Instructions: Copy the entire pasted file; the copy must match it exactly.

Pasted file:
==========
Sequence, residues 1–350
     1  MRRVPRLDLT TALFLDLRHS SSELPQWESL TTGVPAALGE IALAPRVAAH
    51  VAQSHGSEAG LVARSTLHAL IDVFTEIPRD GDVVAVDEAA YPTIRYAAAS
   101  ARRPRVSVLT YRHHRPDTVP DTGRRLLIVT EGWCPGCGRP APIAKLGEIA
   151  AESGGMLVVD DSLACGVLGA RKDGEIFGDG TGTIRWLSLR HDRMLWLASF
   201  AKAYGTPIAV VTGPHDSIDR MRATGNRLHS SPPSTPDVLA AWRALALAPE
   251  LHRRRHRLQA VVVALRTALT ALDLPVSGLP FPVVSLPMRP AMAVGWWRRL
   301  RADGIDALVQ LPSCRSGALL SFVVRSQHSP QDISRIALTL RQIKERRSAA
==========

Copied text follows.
Sequence, residues 1–350
     1  MRRVPRLDLT TALFLDLRHS SSELPQWESL TTGVPAALGE IALAPRVAAH
    51  VAQSHGSEAG LVARSTLHAL IDVFTEIPRD GDVVAVDEAA YPTIRYAAAS
   101  ARRPRVSVLT YRHHRPDTVP DTGRRLLIVT EGWCPGCGRP APIAKLGEIA
   151  AESGGMLVVD DSLACGVLGA RKDGEIFGDG TGTIRWLSLR HDRMLWLASF
   201  AKAYGTPIAV VTGPHDSIDR MRATGNRLHS SPPSTPDVLA AWRALALAPE
   251  LHRRRHRLQA VVVALRTALT ALDLPVSGLP FPVVSLPMRP AMAVGWWRRL
   301  RADGIDALVQ LPSCRSGALL SFVVRSQHSP QDISRIALTL RQIKERRSAA